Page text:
The organic qualities expressed through Emily’s stitched works in contrast to the highly technical and rigid qualities of Tomby’s pixel work may immediately suggest two entirely different artists are behind them; however, as Emily herself suggests, “it’s really just one style in two mediums.” She likens the layer-building process of her pixel illustrations to painting, while considering the stitch work as more like drawing with thread. She claims the solutions in one medium lend themselves directly to the other medium, making it much easier for her to balance the complexities of working as both Emily and Tomby.
Emily’s selected clients boast an impressive list of names including The New York Times, WIRED Magazine, ESPN Magazine, Maxim, The New Yorker, and more!
To see more of her work visit her official website: emilyeibel.com AND tombyillustration.com
The 103nd meeting of the NY Comics & Picture-story Symposium will be held on Tuesday, October 14, 2014 at 8 pm at Parsons The New School, 2 West 13th Street, in the Bark Room (off the lobby). Free and open to the public. Please note 8 pm starting time.
Presentation: Anya Ulinich in conversation with Olga Gershenson.
Anya Ulinich will present her graphic novel, Lena Finkle’s Magic Barrel, which the Publishers’ Weekly called “an honest and absorbing tragicomedy about love, sex, and everything that goes with them.” She will discuss how she went from being a painter to becoming a fiction writer to writing a graphic novel, and the steep learning curves along the way. She will also talk about her process, and the challenges of using autobiographical material in fiction and visual storytelling.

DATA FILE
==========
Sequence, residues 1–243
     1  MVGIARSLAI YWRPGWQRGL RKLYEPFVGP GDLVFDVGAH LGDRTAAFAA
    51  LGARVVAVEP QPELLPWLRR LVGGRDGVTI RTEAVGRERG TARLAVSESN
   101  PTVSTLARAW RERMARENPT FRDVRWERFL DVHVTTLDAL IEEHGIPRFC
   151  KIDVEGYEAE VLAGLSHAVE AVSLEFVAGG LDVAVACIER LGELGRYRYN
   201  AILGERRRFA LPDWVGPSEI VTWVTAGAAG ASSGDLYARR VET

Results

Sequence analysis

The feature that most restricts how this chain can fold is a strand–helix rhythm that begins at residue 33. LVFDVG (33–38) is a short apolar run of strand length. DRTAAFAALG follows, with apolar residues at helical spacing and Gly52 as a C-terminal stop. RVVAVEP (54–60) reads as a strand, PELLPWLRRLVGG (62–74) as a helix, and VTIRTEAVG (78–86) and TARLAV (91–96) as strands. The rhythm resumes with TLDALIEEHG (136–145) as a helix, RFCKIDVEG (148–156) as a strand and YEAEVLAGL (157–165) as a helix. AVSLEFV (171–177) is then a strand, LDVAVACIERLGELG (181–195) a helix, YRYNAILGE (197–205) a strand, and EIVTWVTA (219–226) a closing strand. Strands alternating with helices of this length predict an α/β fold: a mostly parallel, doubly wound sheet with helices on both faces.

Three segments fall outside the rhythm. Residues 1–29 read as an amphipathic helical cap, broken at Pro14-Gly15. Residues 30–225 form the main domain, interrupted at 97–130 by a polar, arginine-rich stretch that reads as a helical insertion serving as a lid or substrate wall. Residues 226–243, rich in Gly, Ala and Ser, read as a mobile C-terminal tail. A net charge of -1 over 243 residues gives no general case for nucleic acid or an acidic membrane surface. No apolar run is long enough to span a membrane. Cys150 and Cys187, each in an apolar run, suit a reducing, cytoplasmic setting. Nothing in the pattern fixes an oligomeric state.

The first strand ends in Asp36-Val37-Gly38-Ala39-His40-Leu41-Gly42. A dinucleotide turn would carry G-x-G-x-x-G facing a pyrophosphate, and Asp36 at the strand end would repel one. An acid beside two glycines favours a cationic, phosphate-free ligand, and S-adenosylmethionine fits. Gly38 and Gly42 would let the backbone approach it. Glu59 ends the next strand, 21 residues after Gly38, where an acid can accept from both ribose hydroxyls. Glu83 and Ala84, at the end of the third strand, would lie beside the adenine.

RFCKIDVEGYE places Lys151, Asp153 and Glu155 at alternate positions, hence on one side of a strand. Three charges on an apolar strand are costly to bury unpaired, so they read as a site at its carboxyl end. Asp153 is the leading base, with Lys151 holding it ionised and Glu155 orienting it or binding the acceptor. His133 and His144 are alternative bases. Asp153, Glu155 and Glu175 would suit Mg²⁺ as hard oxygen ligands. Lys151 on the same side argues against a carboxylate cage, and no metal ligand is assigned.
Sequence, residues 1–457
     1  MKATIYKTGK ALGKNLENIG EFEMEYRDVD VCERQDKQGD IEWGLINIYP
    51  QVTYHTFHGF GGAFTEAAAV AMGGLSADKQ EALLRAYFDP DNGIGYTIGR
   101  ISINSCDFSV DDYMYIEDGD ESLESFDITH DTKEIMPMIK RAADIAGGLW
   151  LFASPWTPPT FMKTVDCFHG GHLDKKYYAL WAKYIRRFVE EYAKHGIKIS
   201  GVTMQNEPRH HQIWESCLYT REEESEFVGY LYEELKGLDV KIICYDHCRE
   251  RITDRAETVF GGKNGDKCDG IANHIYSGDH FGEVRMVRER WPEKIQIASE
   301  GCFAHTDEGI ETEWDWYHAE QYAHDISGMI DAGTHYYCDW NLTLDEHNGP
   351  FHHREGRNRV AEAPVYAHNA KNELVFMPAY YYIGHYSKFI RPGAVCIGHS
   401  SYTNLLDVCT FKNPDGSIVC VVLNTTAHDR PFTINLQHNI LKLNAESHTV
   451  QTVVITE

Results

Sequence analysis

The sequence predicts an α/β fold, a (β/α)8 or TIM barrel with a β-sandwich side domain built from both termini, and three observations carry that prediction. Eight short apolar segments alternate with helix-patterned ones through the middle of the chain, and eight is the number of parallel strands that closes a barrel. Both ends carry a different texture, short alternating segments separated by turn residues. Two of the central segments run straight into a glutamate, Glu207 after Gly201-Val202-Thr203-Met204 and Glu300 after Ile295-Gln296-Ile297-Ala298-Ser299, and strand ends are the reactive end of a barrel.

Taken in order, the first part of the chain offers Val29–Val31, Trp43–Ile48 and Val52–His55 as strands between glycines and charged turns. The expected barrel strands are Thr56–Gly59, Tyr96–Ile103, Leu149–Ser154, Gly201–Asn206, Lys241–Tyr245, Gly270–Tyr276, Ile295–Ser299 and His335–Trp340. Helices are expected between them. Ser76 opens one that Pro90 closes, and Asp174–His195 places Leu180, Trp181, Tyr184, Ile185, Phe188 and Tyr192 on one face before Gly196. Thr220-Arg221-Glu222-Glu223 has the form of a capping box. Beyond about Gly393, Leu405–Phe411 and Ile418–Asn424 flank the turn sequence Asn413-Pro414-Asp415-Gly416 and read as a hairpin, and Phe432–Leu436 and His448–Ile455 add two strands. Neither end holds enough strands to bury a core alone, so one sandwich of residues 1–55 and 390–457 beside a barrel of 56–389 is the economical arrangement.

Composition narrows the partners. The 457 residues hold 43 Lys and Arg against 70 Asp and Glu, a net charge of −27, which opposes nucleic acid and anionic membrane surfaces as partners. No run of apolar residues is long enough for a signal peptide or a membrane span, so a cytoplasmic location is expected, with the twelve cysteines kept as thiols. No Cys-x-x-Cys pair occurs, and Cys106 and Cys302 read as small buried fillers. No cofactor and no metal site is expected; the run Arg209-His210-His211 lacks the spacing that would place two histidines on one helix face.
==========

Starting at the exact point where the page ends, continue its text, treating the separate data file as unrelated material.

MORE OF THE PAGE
Anya Ulinich grew up in Moscow, Russia, and immigrated to Arizona when she was seventeen. She holds an MFA in visual arts from the University of California, Davis. She is the author of Petropolis (Viking, 2007), and Lena Finkle’s Magic Barrel, a graphic novel (Penguin, 2014). Ulinich’s short stories and essays have appeared in The New York Times, Zoetrope: All-Story, n+1, and PEN America Journal. She teaches creative writing at the New School and lives in Brooklyn with her two daughters.
Olga Gershenson has been Jewish in Russia, Russian in Israel, and finally became an academic in the US, where she is Professor of Judaic and Near Eastern Studies at the University of Massachusetts Amherst. She is the author of Gesher: Russian Theatre in Israel (2005) and The Phantom Holocaust: Soviet Cinema and Jewish Catastrophe (2013), as well as an editor of Ladies and Gents: Public Toilets and Gender (2009). She has published widely on Jewish and Israeli films, and she is now working on her own film.
Meet our fabulous alumni!
Beth is a Texas born designer/illustrator based in Brooklyn. She graduated from our program in 2014 and has been doing amazing work.
Amongst her clients are: Dior, Kevyn Aucoin Beauty, Into The Gloss, Nylon Magazine, Wilhelmina Modeling Agency, Sisley Cosmetics, Marc O’Polo Menswear, Bleach Online Magazine, VERB Haircare, Nex9 Productions, The New School, Verameat Jewelry, The Vera List Center for Art and Politics, Explain-o-Graphics, Michelin Automotive, The Horn Austin.
You can view and purchase her illustrations here: http://society6.com/bethzimmerman and http://www.printallover.me/collections/beezee
You can also find her here: http://bethzimmermanart.com/